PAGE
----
This post is a brief comment on the following fragment from the Education White Paper The Importance of Teaching.
A levels are a crucial way that universities select candidates for their courses, so it is important that these qualifications meet the needs of higher education institutions. To ensure that they support progression to further education, higher education or employment, we are working with Ofqual, the awarding organisations and higher education institutions to ensure universities and learned bodies can be fully involved in their development. We specifically want to explore where linear A levels can be adapted to provide the depth of synoptic learning which the best universities value. [4.47]
I fully support the LMS Response to the Education White Paper which says, in particular:
Mathematics assessment strongly benefits from end-of-course, linear assessment, and we support moves towards this both at GCSE and at A-level. Effective mathematics teaching is a long-term project, whose goals are undermined by a modular structure: mathematics is a body of unifying ideas which often take time to assimilate.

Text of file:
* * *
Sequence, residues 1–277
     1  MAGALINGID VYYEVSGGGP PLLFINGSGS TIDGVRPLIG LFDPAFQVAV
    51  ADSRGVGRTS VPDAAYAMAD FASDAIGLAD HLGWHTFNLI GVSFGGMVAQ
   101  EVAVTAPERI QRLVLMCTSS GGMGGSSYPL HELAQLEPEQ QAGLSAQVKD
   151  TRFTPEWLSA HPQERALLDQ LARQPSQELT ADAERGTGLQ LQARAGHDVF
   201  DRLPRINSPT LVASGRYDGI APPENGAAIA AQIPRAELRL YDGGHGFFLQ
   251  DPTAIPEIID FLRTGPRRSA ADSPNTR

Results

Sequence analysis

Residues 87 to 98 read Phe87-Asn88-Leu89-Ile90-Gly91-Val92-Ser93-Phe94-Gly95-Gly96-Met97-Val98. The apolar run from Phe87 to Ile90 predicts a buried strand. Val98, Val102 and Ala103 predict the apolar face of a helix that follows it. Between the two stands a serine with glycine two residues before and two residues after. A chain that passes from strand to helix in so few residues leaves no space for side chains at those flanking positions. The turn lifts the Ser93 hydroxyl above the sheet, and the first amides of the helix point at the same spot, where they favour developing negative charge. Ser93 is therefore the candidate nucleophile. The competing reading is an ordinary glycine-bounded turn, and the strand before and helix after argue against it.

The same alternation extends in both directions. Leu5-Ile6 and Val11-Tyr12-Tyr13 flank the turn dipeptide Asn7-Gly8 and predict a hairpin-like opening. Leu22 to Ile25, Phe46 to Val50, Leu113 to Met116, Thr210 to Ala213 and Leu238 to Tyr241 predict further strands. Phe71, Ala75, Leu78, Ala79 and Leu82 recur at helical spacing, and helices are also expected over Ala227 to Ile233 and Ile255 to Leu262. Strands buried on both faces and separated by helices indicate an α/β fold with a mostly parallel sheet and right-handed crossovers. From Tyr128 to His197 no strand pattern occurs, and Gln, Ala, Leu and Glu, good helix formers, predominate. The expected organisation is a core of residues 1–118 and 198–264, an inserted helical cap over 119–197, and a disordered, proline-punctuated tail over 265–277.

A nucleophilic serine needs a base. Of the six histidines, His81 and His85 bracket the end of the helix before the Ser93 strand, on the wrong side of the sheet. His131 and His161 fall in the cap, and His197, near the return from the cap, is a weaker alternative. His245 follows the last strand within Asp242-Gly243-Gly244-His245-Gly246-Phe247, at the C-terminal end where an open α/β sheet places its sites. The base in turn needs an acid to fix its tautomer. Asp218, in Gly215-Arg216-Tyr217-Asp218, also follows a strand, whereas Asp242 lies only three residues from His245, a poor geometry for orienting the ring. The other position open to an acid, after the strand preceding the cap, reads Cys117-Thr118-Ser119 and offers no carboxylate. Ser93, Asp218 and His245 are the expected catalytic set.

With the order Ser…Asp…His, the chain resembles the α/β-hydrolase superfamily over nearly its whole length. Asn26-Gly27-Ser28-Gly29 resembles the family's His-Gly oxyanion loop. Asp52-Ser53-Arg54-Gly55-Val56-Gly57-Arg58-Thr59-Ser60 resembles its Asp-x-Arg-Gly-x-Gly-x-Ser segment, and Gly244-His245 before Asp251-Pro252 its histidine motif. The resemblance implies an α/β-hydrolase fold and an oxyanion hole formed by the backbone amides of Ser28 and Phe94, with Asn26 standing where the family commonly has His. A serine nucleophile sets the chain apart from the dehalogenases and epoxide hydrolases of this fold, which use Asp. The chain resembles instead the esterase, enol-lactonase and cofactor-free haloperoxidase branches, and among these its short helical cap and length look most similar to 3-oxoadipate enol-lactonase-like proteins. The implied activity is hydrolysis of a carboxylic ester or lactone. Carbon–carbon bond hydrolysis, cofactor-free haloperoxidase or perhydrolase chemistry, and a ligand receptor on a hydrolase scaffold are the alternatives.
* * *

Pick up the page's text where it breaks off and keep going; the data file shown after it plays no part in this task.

But, to avoid any ambiguity, I have to emphasise that the present post is written by me in my private capacity and does not necessarily reflect views of the LMS or any other institution or organisation.
I believe that demodularisation of school mathematics will be welcomed by the universities, but with one important caveat: demodularisation should be introduced step-by-step as evolution, not revolution, to avoid damaging shocks of the kind that happened in 2002 with previous reform, when scared students became reluctant to take Mathematics A Levels.
As an admission tutor from an elite university wrote to me,
Maths A-levels are not perfect — we all know that. n particular, the modular scheme (no synoptic paper) [... ] is damaging. However retaining the current scheme, perhaps with some tweaks, will be far less damaging than trying to overhaul the system.
My personal opinion is that demodularisation is worth trying. I suggest it can be achieved by means of a low-cost evolution by
- shaping linear syllabus,
- gradual introduction of synoptic questions into exam papers, and
- step-by-step retraining of teachers over several years.
But this is difficult, and requires a carefully coordinated work of a number of bodies over many years. In my opinion, it is best do nothing than rush unprepared decisions.